All forms of PHP can present in infancy, especially if significant hypocalcemia occurs. Symptoms related to low levels of calcium include: paresthesias, numbness, seizures and tetany (including muscle twitches and hand and foot spasms). Some forms of PHP may remain unnoticed if patients do not have hypocalcemia and/or characteristic physical features, which include short stature, rounded face, short neck, brachydactyly, ectopic ossifications and other poorly defined abnormalities, collectively termed Albright hereditary osteodystrophy (AHO).
All patients with PHP and PHP-related disorders in whom a molecular diagnosis is confirmed have genetic or epigenetic alterations in genes encoding for proteins involved in the PTH/PTHrP signaling pathway. PHP1A, PPHP and POH are due to genetic defects in the gene coding the alpha sub-unit of the stimulatory G protein (GNAS, 20q13.2-q13.3).
The diagnosis is based on the presence of characteristic clinical and endocrinological findings.
PHP can be sporadic or inherited autosomal dominantly with parental imprinting. In inherited cases, genetic counseling is possible.
Management and treatment
A multidisciplinary follow-up and early, specific interventions are necessary for efficient therapeutic management of these patients.
Management consists of general measures (lifestyle advice for obesity, exercise and rehabilitation) and specific measures aimed to correct hypocalcemia, growth retardation and other endocrine deficiencies. Surgical management may include orthopaedic, spinal and dental aspects.
Very variable depending on age at onset, severity and presence or absence of endocrine abnormalities.
Hereditary forms of Hypophosphatemic Rickets
Phosphate wasting leads to hypophosphatemia hence osteomalacia, rickets, mineralization defects, bone deformities, bone pain, poor growth, anomalies of teeth mineralization and muscle function impairment. Additional features may include nephrocalcinosis, craniosynostosis, hearing impairment, Chiari type 1 malformations, entesopathies and hyperparathyroidism. Hypophosphatemia associated with phosphate wasting is usually diagnosed in young children, yet the features are so variable that diagnosis may be reached only in adults or parents of affected patients. Hypophosphatemia associated with phosphate wasting is caused by genetic conditions leading to an increased production/action of the hormone FGF23. In rare cases, the low phosphate level is due to anomalies in the renal phosphate transport (genetic or acquired).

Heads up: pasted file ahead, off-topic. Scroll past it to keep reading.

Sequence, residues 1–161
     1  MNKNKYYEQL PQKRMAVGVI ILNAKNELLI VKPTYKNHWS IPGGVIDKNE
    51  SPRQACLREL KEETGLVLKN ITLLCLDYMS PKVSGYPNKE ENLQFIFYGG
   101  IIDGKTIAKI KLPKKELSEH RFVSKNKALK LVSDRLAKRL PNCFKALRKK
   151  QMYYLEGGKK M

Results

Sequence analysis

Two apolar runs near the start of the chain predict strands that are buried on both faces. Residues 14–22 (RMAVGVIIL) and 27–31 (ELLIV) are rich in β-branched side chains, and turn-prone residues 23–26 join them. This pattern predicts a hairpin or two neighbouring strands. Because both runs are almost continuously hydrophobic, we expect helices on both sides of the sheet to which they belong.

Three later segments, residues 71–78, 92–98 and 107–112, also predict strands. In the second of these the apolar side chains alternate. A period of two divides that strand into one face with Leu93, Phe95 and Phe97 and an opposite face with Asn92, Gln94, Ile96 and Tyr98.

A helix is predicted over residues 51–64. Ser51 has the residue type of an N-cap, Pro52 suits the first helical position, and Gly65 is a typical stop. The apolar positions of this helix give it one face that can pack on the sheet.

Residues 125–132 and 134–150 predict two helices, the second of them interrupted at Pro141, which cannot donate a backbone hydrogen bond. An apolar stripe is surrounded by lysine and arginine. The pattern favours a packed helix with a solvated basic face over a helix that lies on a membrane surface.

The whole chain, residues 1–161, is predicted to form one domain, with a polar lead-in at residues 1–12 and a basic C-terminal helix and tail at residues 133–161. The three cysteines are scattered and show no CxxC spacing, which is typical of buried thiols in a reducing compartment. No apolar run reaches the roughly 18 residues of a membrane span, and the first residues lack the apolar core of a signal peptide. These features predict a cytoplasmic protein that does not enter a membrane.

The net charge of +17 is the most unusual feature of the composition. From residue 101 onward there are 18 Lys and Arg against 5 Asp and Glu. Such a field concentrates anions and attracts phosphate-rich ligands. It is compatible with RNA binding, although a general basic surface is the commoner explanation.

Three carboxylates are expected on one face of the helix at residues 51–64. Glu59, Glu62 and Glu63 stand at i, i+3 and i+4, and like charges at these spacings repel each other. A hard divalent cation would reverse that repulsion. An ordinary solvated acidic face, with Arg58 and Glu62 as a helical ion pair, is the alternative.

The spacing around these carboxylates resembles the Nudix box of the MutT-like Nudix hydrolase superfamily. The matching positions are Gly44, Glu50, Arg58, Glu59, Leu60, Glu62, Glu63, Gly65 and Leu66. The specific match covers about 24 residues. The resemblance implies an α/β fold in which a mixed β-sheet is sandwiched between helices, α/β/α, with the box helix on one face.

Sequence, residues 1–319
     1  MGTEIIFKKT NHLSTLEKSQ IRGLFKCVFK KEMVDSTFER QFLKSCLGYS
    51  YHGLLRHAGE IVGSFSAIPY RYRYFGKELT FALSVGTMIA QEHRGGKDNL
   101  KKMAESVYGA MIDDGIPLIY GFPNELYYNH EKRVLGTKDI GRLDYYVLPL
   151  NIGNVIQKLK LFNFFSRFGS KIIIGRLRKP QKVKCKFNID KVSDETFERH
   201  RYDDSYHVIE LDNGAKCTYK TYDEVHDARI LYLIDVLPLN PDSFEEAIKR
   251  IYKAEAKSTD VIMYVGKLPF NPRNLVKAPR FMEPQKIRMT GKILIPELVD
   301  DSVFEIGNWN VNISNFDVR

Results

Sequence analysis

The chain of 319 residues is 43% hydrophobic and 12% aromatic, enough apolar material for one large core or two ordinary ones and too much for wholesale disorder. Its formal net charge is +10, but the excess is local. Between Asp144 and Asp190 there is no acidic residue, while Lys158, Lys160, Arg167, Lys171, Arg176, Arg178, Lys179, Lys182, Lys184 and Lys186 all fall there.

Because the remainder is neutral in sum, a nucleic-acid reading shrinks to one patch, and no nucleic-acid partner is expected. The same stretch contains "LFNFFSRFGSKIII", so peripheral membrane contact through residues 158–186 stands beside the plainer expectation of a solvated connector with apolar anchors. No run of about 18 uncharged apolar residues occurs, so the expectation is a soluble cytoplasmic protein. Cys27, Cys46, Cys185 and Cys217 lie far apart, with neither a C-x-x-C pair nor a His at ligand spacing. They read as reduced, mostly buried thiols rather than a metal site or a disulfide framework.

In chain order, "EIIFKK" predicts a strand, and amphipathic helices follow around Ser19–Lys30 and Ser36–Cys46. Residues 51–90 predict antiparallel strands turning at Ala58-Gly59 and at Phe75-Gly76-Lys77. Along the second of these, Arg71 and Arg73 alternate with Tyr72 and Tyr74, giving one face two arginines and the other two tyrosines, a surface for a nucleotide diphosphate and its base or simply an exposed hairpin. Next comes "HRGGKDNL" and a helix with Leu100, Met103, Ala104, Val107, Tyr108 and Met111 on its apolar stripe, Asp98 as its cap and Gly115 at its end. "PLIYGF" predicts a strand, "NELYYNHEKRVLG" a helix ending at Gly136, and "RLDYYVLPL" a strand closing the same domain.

Acquired Oncogenic Osteomalacia
Oncogenic hypophosphatemia or Tumor Induced Osteomalacia (TIO) leads to severe hypophosphatemia and phosphate wasting due to a tumoral secretion of FGF23 by mesenchymal tumors; the calcium level is also usually low. Patients (usually adults) present with severe muscular defects, fractures, pseudofractures, bone and muscular pain. It is crucial to localize the source of FGF23 secretion through the best available imaging techniques.
Hyperphosphatemia may be due to the impaired excretion of urinary phosphate. Most cases are of genetic origin and are characterized by a lack of FGF23 secretion. Patients may present with joints and bone pain, diaphysitis and often severe ectopic calcifications.
DISORDERS OF BONE METABOLISM
The exact prevalence of fibrous dysplasia is unknown, but it is less than 1:2000.FD/MAS is a rare disorder characterized by skeletal lesions, skin hyperpigmentation, and hyper-functioning endocrinopathies
It arises from post-zygotic gain-of-function mutations in the GNAS gene, which encodes the α-subunit of the Gs signaling protein. These mutations disrupt the intrinsic GTPase activity of Gsα, leading to persistent stimulation of adenylyl cyclase and dysregulated production of cyclic AMP and downstream signaling. The resulting disease is mosaic with a broad clinical spectrum, ranging from a trivial incidentally discovered radiographic finding to severe and disabling disease.
A diagnosis of the subtypes of FD/MAS can only be made after a thorough evaluation of a) the extent of skeletal disease: monostotic/polyostotic and b) the presence of extra-skeletal manifestations. Monostotic fibrous dysplasia is defined as the presence of fibrous dysplasia in one skeletal site only. Polyostotic fibrous dysplasia is defined as the presence of fibrous dysplasia in more than one skeletal site without extra-skeletal manifestations. McCune-Albright syndrome is defined as the combination of FD and one or more extra-skeletal feature, OR the presence of two or more extra skeletal features. Not requiring FD for the diagnosis of MAS reflects better understanding of the molecular pathogenesis of the disorder.